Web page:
The future PANDA experiment with a next generation detector will focus on hadron
spectroscopy. It will use cooled anti-proton beams
with a momentum between 1.5 GeV/c and 15 GeV/c
interacting with various targets. This allows to direct
form all states of all quantum numbers and measure
there widths with an accuracy of a few tens of keV
The experiment will be located at the Facility for
Anti-Proton and Ion Research in Germany, which is currently under construction.
The electromagnetic target calorimeter of the PANDA experiment has the challenging aim to
detect high energy photons with excellent energy resolution over the full dynamic range from
15 GeV down to a few tens of MeV inside a 2T solenoid. To reach this goal, improved
PbWO 4 scintillator crystals (PWO-II) cooled down to −25°C have been chosen. They provide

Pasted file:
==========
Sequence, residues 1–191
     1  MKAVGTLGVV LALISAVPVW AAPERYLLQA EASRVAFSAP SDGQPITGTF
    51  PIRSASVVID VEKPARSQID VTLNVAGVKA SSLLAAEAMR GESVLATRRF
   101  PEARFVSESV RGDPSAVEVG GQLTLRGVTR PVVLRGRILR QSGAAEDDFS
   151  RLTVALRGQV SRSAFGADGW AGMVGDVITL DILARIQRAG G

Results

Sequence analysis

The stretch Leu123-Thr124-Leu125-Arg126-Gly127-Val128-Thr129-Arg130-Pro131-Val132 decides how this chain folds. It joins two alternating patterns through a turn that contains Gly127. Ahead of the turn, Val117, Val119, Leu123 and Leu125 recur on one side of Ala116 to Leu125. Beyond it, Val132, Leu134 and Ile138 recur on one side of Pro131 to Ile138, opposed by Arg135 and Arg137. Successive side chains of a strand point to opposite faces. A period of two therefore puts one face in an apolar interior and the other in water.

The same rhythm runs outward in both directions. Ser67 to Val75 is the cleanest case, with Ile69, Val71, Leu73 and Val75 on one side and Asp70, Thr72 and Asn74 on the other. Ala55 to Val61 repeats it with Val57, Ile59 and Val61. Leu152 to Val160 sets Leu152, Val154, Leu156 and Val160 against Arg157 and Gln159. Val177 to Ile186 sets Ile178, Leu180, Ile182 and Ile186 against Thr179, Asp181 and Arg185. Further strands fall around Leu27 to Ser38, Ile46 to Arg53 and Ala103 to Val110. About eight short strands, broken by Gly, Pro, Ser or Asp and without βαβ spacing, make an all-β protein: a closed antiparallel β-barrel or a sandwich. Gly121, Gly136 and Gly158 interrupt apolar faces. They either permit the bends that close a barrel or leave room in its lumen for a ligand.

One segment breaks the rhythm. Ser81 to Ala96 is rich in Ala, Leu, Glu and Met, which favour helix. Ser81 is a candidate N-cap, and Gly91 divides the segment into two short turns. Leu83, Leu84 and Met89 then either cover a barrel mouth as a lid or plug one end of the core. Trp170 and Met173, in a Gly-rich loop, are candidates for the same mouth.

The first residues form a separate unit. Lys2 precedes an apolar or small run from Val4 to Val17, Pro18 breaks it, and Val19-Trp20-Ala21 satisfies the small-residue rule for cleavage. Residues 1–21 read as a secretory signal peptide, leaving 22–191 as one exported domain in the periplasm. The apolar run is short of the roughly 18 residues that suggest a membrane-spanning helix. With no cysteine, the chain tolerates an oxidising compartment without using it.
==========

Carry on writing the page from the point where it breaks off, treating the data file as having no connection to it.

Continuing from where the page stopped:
a fast decay time for highest count rates, short radiation length for compactness, improved
light yield for lowest thresholds and excellent radiation hardness. The target calorimeter itself
is divided into a barrel shaped structure and two endcaps. Individual crystals will be read out
with two precisely matched large area avalanche photo diodes. In the very inner part of the
forward endcap, vacuum phototetrodes will be used instead.
The talk will give an overview of the PANDA experiment and focuses on its calorimeter
including the scintillator material and the production status. Furthermore, the construction and
assembly procedure will be presented.
This work was upported by the BMBF.